Fewer than 24 hours before the polling booths closed, Malcolm Turnbull lauded Canberra's light-rail network.
That's right: the night before what was supposedly a referendum on whether this city should go ahead and build it, the Prime Minister told an urban-design awards ceremony that the rail plan was one of a handful of projects that would "enhance our cities' built environments ... and leave a lasting legacy for future generations".
It was likely nothing more than a political oversight.
But it was a poor omen, to say the least, for the local Liberals, when the leader of their federal parliamentary party didn't even bother to avoid scuppering their main campaign line ("billion$ on tram$").
The light rail did affect this election – just not in the way the Liberals had hoped.
We can see that in the stark, political divide that now separates this city: the north (which will benefit more from rail) voted very differently from the south (which won't benefit so much). They always differed, yet not this much.
The average Canberran clearly isn't opposed enough to light rail to change their vote.
And maybe, just maybe, they actually want it. After all, it's been discussed ad nauseum for 30 years. (And remember the 2012 election? Wasn't that meant to be the light-rail referendum, too?)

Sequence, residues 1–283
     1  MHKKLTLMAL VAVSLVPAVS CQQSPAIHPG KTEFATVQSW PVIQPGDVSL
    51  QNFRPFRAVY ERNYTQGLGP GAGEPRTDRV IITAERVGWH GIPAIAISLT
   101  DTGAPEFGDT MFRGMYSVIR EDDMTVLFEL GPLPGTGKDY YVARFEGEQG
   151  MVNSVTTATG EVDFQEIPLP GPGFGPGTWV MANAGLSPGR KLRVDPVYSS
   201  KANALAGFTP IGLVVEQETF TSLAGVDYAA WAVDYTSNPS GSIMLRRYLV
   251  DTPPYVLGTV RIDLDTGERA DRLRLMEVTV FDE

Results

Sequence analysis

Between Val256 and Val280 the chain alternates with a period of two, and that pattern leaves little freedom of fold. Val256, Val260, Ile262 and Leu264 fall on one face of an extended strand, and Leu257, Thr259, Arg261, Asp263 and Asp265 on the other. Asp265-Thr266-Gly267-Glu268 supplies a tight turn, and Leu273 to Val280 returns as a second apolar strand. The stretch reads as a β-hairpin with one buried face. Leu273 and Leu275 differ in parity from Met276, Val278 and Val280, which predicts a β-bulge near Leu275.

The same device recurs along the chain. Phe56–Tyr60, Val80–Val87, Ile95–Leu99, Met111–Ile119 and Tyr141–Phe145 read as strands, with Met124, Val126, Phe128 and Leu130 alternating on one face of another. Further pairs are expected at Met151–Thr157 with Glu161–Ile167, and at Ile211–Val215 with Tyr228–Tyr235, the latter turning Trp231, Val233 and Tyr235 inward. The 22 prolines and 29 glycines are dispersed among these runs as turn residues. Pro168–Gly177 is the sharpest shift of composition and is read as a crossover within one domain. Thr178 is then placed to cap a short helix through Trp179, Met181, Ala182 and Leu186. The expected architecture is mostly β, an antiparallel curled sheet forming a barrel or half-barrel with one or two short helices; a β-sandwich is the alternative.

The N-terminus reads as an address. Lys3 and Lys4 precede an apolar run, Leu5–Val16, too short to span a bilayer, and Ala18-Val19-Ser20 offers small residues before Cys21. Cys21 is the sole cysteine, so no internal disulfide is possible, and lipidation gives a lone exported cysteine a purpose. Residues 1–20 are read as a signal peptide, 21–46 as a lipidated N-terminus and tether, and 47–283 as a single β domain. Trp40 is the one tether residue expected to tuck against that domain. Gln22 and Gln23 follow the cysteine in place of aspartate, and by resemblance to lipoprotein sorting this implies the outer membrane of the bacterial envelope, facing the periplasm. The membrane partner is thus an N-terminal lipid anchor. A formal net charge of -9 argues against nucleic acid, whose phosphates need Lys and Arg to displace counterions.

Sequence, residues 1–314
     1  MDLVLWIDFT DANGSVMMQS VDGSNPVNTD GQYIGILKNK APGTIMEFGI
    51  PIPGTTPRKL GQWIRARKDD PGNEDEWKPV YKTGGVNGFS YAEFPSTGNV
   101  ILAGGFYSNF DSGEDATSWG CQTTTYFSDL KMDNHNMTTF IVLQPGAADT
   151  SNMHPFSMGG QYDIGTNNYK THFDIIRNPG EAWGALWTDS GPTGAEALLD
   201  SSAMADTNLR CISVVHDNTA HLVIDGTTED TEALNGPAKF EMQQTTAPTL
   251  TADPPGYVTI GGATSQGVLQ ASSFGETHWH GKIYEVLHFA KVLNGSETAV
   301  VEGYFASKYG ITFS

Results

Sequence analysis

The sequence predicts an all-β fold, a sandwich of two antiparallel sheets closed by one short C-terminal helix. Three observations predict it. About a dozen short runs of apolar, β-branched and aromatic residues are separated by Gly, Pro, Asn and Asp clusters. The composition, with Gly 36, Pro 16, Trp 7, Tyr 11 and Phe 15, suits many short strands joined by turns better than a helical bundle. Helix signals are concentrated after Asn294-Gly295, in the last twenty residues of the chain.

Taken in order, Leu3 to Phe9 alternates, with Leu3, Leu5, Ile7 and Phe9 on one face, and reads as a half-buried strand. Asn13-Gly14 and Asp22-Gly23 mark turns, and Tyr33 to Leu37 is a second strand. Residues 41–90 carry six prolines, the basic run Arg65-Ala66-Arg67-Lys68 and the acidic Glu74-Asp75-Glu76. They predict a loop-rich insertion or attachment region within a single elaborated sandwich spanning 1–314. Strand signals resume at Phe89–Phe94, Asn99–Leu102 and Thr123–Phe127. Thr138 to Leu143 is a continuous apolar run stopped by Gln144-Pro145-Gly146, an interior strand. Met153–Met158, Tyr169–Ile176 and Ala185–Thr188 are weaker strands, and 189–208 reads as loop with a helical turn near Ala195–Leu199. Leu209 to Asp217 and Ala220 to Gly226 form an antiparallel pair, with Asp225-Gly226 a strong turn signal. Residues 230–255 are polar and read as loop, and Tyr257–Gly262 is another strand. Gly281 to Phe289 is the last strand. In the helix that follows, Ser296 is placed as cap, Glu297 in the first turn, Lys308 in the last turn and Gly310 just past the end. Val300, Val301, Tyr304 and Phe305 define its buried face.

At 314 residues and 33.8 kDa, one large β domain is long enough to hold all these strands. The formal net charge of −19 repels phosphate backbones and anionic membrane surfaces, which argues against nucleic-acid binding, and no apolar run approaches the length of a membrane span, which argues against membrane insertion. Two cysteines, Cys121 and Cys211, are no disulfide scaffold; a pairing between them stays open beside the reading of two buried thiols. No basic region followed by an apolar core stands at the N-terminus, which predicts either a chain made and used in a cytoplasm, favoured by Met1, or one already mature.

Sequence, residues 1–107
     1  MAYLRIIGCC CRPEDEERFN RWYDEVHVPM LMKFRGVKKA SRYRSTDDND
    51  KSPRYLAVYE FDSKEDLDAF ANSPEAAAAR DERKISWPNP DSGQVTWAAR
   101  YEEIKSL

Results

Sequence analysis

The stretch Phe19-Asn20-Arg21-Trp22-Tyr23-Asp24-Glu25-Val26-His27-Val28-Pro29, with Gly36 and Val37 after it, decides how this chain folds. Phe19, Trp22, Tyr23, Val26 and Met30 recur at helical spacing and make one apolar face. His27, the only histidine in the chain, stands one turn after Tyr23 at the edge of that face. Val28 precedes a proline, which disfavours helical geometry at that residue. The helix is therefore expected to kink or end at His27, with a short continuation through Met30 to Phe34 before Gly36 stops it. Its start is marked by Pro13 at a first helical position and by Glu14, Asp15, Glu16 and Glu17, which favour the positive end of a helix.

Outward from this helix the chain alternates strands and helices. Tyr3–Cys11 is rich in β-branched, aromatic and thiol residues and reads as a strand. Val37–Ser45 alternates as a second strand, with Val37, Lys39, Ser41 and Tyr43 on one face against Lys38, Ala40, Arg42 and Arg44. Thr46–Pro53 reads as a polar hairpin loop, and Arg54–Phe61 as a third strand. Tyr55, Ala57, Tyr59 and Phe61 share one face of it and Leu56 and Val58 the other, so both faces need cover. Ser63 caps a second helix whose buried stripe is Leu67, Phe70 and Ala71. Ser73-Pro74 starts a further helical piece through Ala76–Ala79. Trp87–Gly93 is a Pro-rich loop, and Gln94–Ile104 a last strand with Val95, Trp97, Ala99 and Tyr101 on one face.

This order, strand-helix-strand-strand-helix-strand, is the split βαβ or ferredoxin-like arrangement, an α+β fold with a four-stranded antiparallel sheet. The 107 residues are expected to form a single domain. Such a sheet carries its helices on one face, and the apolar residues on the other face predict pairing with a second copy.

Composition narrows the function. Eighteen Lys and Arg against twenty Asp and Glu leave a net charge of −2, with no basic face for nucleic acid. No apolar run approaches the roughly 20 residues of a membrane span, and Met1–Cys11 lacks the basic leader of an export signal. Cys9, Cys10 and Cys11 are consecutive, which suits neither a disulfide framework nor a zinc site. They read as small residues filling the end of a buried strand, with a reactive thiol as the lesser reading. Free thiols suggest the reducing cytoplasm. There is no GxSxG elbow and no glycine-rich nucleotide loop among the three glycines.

It's long been said that Canberrans – while educated, civic-minded and generally represented well among the ranks of Australia's political groupies – can't muster any interest in the goings-on of their Legislative Assembly.
Internal party polling on boths sides tends to confirm this: most ACT residents simply don't know who represents them, barr a handful of MLAs.
Perhaps this is why Labor fared well on Saturday, against expectations.
Andrew Barr's government is guilty of many small flaws: failures to act with probity, and not bothering to explain its decisions or bring the people with it. But that arrogance and lack of transparency likely goes unnoticed to most voters.
Or perhaps Labor fared well on Saturday because Canberrans want more than a whingeing opposition that opposes, well, most things and offers a scant alternative agenda.
Either way, it's back to the drawing board for both sides.
The Liberals, with many new faces, will start from scratch. And Barr gets a second chance to be the Chief Minister this city deserves.